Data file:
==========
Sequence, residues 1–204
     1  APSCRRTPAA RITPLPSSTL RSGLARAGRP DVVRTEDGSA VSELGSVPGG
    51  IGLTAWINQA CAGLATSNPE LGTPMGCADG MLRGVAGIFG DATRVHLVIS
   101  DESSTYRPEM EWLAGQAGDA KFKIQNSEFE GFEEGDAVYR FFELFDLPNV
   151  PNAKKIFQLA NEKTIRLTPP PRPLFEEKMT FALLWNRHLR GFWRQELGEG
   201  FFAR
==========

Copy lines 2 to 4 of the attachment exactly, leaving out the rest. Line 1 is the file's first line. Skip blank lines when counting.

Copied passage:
     1  APSCRRTPAA RITPLPSSTL RSGLARAGRP DVVRTEDGSA VSELGSVPGG
    51  IGLTAWINQA CAGLATSNPE LGTPMGCADG MLRGVAGIFG DATRVHLVIS
   101  DESSTYRPEM EWLAGQAGDA KFKIQNSEFE GFEEGDAVYR FFELFDLPNV